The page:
[Met Performance] CID:36790
Don Giovanni {67} Philadelphia, Pennsylvania: 01/30/1906.


Philadelphia, Pennsylvania
Academy of Music
January 30, 1906

Mozart-Da Ponte

Don Giovanni............Antonio Scotti
Donna Anna..............Lillian Nordica
Don Ottavio.............Andreas Dippel
Donna Elvira............Jeanne Jomelli
Leporello...............Marcel Journet
Zerlina.................Marcella Sembrich
Masetto.................Arcangelo Rossi
Commendatore............Adolph Mühlmann
Dance...................Bianca Froehlich
Dance...................Pauline Verhoeven

Conductor...............Nahan Franko

Review (unsigned) in a Philadelphia newspaper (unidentified)



Performance, Although Not Ideal, Had Many Features That Rewarded the Attention Which it Received.

The popular interest excited by the Mozart anniversary was indicated by a crowded audience gathered in the Academy of Music last night to listen to "Don Giovanni," revived for this occasion after an interval of five years. Mr. Conried has given the opera as good a cast as was available under present conditions and, if the performance was not ideal and only imperfectly suggested the Mozartian atmosphere, it was generally competent and had many features that rewarded the attention it received. Wherein "Don Giovanni" is now "old-fashioned," it is now the desultory form of Da Ponte's comedy and in certain operatic conventions of the eighteenth century which Mozart was at no pains to discard. For Mozart, like Shakespeare, was a man of his epoch, content to work with the forms of art which he found in use, and to which he gave new value by the depth and breadth of his poetic vision and his power of dramatic characterization, so that his works, like Shakespeare's, have lived, while those of his contemporaries and rivals have grown obsolete. There never had been such delineation of character in music as in the "Nozze di Figaro" and in "Don Giovanni." These three contrasted women and the men are living figures today, each with an individual voice not to be mistaken, yet all combined in a wonderful harmony that has inexhaustible charm as absolute music, the orchestra meanwhile keeping up its significant commentary on the characters and their emotions.

Orchestra Seems Feeble Today.

The orchestra of Mozart's time seems a feeble thing today, but the very simplicity of the means he employed gives the greater value to his large results. While the moderns have piled up their instrumental effects, the poetic essence of it all, the source of inspiration on which they all have drawn, is here in the limpid score of Mozart. To make this perennial vitality apparent to a modern audience demands a sympathetic interpretation not easy to command. Most of last nights singers had been heard in their several parts before. No one else has Madame Nordica's authority in Donna Anna, that "most superb and wonderful human presentment ever depicted in music," as Tchaikovsky says of this proud and revengeful lady. She sings her great scenes - the wonderful recitative preceding the tremendous aria - with really magnificent power. She has sung it before with fuller voice and fresher tone than she displayed last night, but the style is unimpaired and unapproachable.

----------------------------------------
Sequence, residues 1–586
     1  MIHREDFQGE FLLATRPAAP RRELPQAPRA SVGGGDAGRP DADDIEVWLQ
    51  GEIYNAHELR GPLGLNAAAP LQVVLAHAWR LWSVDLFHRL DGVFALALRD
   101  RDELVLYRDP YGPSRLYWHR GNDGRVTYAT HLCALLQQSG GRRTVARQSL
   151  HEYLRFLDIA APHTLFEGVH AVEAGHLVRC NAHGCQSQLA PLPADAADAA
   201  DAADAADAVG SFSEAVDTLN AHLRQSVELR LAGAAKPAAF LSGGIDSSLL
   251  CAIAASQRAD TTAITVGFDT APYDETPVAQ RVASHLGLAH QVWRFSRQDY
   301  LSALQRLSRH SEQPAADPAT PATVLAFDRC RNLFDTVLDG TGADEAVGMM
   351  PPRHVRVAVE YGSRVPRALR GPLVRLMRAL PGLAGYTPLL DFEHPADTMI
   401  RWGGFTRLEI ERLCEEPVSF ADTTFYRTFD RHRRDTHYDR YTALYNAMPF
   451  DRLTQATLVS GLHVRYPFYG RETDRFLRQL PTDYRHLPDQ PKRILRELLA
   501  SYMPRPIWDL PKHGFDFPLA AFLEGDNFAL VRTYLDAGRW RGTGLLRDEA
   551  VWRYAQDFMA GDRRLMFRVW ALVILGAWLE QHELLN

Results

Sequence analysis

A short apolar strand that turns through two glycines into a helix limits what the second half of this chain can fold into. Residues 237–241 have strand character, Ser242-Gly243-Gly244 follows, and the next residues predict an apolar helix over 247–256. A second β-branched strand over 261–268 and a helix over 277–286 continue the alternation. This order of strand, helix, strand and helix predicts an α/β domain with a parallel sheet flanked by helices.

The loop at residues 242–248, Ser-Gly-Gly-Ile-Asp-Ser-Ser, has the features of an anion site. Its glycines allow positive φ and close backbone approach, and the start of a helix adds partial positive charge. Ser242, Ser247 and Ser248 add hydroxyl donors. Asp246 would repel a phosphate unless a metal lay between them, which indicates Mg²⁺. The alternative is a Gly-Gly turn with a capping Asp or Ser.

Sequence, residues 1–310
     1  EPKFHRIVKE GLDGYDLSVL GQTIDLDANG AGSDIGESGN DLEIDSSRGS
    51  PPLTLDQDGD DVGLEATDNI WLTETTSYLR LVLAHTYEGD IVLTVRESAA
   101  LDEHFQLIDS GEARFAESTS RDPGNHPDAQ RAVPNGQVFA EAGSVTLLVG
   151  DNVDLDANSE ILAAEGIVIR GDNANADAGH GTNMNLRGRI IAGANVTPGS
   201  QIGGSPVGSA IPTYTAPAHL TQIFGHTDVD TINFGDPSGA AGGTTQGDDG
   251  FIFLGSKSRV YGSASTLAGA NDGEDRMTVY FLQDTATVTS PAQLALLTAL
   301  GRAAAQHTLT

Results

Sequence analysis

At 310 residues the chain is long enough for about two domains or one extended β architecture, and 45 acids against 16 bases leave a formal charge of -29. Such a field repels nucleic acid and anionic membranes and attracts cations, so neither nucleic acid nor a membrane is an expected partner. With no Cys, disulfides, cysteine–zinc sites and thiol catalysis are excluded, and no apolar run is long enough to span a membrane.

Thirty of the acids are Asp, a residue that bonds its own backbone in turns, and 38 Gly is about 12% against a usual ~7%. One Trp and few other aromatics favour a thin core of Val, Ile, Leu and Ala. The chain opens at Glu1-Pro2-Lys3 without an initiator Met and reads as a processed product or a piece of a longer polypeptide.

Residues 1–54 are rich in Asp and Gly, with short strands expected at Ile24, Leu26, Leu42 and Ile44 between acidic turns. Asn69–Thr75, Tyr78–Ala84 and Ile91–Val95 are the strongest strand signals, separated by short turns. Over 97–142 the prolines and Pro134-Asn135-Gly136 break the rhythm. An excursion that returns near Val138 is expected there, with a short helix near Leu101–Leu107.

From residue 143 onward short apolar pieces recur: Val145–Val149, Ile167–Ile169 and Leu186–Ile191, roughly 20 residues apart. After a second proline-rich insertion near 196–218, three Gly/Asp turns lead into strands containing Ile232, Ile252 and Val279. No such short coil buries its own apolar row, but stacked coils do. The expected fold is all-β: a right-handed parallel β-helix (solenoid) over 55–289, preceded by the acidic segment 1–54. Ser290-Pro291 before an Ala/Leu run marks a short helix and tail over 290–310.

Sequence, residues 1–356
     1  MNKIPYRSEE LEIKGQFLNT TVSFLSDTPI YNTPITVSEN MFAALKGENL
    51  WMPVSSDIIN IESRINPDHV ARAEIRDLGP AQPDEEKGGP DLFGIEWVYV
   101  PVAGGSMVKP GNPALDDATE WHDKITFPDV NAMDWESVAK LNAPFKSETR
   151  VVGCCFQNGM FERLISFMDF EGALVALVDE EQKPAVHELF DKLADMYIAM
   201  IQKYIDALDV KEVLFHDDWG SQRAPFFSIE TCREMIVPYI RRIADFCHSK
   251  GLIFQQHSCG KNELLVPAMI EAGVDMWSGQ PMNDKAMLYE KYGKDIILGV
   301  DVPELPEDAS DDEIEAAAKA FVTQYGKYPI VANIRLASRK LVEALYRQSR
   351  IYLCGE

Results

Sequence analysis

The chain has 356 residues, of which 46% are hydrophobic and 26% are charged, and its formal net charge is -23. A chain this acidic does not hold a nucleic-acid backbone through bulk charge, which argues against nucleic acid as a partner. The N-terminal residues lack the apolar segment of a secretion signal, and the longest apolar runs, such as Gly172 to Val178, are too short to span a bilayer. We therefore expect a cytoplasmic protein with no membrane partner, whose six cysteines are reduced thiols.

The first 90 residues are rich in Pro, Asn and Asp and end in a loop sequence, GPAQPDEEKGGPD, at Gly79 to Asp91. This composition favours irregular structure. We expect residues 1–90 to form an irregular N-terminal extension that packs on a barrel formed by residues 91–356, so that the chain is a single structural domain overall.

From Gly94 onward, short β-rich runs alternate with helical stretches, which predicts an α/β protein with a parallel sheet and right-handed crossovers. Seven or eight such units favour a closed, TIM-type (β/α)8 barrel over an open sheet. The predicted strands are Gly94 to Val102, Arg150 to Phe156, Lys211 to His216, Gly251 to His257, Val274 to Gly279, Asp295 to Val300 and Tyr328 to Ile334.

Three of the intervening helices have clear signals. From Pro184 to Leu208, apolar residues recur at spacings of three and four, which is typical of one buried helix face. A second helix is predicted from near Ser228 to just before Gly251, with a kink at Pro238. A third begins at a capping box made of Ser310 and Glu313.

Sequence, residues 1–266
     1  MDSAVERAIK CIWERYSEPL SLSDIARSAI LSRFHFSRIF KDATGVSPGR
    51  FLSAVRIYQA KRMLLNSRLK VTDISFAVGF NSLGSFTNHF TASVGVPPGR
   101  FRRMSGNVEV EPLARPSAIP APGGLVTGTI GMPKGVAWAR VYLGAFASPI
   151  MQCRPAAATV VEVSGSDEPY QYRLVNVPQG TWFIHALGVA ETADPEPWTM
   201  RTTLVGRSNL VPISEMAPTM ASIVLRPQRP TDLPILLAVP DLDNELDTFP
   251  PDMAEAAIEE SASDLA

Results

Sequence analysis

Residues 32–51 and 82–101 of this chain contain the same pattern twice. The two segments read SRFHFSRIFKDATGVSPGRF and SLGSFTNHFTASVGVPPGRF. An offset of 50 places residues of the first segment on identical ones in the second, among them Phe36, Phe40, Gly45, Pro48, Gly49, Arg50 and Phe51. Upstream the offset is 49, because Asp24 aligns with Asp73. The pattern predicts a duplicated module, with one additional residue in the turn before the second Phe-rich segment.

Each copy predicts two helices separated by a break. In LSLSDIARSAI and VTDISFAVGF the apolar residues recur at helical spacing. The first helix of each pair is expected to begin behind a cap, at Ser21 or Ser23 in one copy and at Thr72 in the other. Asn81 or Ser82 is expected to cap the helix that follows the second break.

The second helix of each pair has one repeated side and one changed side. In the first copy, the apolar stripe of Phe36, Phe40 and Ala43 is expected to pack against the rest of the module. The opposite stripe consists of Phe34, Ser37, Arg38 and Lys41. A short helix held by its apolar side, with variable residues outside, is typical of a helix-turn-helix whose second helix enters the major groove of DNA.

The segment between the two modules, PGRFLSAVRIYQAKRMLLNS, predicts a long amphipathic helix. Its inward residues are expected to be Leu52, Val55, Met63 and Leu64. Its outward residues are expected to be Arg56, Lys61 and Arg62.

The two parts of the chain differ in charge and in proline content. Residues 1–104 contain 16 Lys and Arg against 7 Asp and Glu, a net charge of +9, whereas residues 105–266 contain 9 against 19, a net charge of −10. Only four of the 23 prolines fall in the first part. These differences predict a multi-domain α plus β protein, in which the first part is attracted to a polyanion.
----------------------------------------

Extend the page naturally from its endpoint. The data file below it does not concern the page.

The waspish yet still devoted Donna Elvira, though usually slighted, is really the responsible soprano of the opera. Madame Jomelli began agreeably, but the part soon got beyond her class and she did not carry the concerted music. The unmistakable Mozartian singer was Sembrich, whose Zerlina, with the right comedy spirit, was charmingly sung, with brightness and vivacity. The "Batti, batti" was one of the few pieces of thoroughly good singing in the opera. It rests largely with the baritone to determine the spirit of the performance. Scotti quite misses the careless elegance of Don Juan. He is serious rather than gay and heavy when we expect him to be light, and his fine voice has not the agility requisite for this music. It is for this reason that his singing in the part lacks his usual authority, though in some of its aspects his performance is effective.

No Great Opportunities for Tenor.

Don Ottavio is a rather invertebrate romanticist, who does not offer great opportunities to the tenor, and Dippel is scarcely a Mozartian singer. His voice, however, is more musical than those we usually hear in this part, and he carried it with intelligence and good taste. Journet proved a very capable Leporello, singing his catalogue song capitally and taking his part in the comedy with very good effect. Rossi as Massetto completed the cast. Franko conducted the performance in a rather perfunctory way, without individuality or conviction, and sometimes with an imperfect rhythmic sense, but the old Italian traditions are gone and it is not certain what a modern temperamental conductor would do with "Don Giovanni."

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